2. Long the gold futures and short the silver futures. Although both futures commodities are correlated to a certain degree, you may see higher flow into the gold market versus the silver market. This is also an inter-market spread.
  3. Short the June crude oil futures and long October crude oil futures. Because the crude oil market is deliverable, there could be divergence based on the supply and demand changes in different periods as dictated by things such as travel for example. This is an example of an intra-market spread.

Note: whatever method you use to trade--whether trading a spread or trading an “outright” position-- keep in mind that one method is not better than another and that one (particularly spreads) may not “safer” than an outright position. Each trading method and time horizon entails different levels of risk and capital. Typically, anything that is beyond day trading would require higher levels of capital as longer term strategies can be extremely volatile, and the fluctuations in your account may reflect that.

Chart patterns

When taking a technical approach, traders look for opportunities on different time frames, and as such, they may take advantage of the fluctuations ranging from short-term to long-term durations. What most look for are chart patterns.

Chart patterns can help traders anticipate potential price moves.

For example, you could have heard terms such as head and shoulders, ascending triangles, descending triangles, triple tops, triple bottoms, etc. There are more advanced chart patterns such as harmonic figures, gartley patterns, bullish cypher and bearish cypher.

Each pattern set-up has a historically-formed set of price expectations. Chart patterns don’t always work out, as they are not to be taken as surefire predictions. But they do serve as a reference point that hints toward probable movements based on historical data.

Let’s go through a few charting examples that would help a beginner trader navigate through the price analysis: All charts follow the basics of elements in showing time on the horizontal X axis and price on the vertical Y axis we show the price.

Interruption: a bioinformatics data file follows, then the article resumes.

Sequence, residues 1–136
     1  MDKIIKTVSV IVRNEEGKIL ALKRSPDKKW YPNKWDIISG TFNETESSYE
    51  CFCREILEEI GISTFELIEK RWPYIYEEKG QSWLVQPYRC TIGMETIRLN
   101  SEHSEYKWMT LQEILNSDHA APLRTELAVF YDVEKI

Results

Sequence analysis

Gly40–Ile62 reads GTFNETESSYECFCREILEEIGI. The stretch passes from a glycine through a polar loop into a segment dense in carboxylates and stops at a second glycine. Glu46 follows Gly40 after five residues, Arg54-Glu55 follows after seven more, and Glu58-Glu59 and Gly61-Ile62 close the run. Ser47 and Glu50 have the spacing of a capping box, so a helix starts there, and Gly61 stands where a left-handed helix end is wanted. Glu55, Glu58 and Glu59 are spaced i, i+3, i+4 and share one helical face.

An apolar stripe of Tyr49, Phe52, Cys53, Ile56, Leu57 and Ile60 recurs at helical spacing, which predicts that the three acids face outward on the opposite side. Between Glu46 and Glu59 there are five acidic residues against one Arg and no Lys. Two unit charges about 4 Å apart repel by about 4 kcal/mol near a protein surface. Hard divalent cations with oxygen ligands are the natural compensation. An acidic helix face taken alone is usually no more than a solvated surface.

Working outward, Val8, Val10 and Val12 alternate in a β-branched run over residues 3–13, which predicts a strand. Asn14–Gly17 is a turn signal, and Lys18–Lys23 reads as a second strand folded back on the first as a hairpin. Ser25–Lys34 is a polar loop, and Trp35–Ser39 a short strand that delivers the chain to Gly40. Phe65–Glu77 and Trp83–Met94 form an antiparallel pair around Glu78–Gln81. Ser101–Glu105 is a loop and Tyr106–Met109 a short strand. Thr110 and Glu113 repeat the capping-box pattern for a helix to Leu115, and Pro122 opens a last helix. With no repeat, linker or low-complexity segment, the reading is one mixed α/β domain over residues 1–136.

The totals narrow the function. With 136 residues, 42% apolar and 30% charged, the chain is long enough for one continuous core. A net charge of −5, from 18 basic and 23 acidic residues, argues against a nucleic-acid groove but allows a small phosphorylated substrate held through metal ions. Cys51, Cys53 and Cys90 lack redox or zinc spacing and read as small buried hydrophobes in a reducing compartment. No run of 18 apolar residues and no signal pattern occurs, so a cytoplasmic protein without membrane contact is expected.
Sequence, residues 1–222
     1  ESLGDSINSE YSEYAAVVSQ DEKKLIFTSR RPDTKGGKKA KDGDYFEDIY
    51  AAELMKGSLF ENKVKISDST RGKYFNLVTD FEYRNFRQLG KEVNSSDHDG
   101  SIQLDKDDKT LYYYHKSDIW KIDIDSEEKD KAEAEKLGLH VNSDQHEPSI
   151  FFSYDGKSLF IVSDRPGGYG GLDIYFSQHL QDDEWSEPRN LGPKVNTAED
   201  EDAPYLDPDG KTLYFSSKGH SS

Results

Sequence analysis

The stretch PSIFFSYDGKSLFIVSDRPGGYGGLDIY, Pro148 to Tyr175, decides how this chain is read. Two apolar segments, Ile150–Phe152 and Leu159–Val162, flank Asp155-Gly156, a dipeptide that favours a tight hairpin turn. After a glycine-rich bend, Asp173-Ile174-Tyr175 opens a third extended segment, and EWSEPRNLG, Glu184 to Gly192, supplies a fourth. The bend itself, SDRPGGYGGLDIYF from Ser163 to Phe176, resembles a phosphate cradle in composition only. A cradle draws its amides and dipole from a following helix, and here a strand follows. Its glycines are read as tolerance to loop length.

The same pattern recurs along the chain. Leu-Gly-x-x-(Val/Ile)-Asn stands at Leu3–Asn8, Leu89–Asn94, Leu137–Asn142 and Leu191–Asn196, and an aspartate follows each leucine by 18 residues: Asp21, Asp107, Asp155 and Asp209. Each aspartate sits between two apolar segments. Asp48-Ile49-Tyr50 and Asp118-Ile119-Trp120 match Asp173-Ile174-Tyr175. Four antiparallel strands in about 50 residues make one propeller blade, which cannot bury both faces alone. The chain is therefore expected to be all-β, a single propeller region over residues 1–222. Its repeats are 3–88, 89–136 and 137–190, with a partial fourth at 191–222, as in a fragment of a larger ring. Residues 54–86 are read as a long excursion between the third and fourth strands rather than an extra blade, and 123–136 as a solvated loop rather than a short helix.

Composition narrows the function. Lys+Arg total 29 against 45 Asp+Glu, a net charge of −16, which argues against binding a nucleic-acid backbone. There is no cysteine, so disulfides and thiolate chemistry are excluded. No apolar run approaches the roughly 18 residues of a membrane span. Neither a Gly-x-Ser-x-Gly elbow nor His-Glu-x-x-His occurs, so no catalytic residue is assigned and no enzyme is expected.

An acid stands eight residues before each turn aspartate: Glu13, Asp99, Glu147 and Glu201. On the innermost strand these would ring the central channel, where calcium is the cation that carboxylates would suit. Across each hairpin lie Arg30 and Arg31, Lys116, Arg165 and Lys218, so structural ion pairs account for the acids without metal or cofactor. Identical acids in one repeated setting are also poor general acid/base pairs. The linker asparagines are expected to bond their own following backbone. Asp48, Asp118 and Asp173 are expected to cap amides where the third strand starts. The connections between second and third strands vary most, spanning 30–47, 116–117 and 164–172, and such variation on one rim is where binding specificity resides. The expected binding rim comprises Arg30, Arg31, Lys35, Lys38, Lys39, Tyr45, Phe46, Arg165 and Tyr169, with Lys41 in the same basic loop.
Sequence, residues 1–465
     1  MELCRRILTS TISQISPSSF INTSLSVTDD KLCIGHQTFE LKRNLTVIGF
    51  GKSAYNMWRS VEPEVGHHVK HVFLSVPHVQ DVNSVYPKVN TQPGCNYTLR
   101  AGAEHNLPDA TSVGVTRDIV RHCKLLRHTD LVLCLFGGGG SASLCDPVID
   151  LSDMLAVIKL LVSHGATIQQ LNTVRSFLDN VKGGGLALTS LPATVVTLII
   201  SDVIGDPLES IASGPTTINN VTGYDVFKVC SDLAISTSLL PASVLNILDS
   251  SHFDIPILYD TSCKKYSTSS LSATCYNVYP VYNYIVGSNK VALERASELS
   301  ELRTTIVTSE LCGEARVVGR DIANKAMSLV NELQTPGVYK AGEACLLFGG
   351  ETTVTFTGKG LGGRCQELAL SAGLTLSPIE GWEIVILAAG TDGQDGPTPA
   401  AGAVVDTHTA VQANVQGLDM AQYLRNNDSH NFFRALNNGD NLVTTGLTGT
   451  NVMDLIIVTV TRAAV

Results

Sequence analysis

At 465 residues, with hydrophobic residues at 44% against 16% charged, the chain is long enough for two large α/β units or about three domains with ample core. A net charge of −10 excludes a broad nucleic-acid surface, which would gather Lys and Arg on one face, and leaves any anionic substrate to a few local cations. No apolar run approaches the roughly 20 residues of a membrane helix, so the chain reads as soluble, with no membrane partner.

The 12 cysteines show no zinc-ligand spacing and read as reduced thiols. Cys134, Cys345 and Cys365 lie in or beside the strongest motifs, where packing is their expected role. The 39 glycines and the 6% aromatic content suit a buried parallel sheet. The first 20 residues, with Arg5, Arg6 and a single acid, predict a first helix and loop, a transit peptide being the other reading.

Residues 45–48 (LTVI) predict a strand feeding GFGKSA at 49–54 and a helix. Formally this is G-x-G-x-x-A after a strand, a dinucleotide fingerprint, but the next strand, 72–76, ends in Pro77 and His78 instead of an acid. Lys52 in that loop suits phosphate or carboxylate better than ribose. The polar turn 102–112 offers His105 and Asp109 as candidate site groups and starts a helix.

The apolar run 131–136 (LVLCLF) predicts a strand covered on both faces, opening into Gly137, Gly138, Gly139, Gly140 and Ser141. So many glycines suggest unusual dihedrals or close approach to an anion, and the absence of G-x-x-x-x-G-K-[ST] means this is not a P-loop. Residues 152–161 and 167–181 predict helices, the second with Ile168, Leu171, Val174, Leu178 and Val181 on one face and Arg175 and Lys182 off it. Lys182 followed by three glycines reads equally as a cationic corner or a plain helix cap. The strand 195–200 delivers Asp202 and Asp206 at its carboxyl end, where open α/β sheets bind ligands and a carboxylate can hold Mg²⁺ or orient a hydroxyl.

Charts below are courtesy of Optimus Flow.

Line Charts

Line Chart
The line charts is the most basic of charts and shows a single line based on a certain time frame. This is a simple chart that a person can look at and see the trend, but it does not provide too much in depth inside what happens “inside” the price. A line chart just shows the closing price based on the close of the time frame. For example, you can have a 30-minute line chart (showing the close of each 30 minutes) or a 1-month line chart.

Bar Charts

Bar Chart
Bar charts bring another level of complexity in terms of data points and visual display. Bar charts are vertical lines where the top of the line shows the high of the price and the bottom shows the low of the price. Also, you will notice two vertical line sticking to the side of the bar. The right-side vertical shows the closing price, and the left side shows the opening price.
Bar Chart
It’s important to choose a charting method that you feel most comfortable with. Once you find the chart type that best matches your style, you can then develop a method to identify and trade the patterns you see on your chart.

Candle Charts

Candle Chart
Candle charts add another element that bar charts do not. The candle stick is made out of a “body”, “lower wick and “upper wick”. “lower wick shows the lowest price during the time period, and the upper wicks represents the highest price. A green or “bullish candle” indicates that the close is higher than the open. A red or “bearish” indicates that the open is lower than the close.

Point and Figure Charts

Point and Figure Chart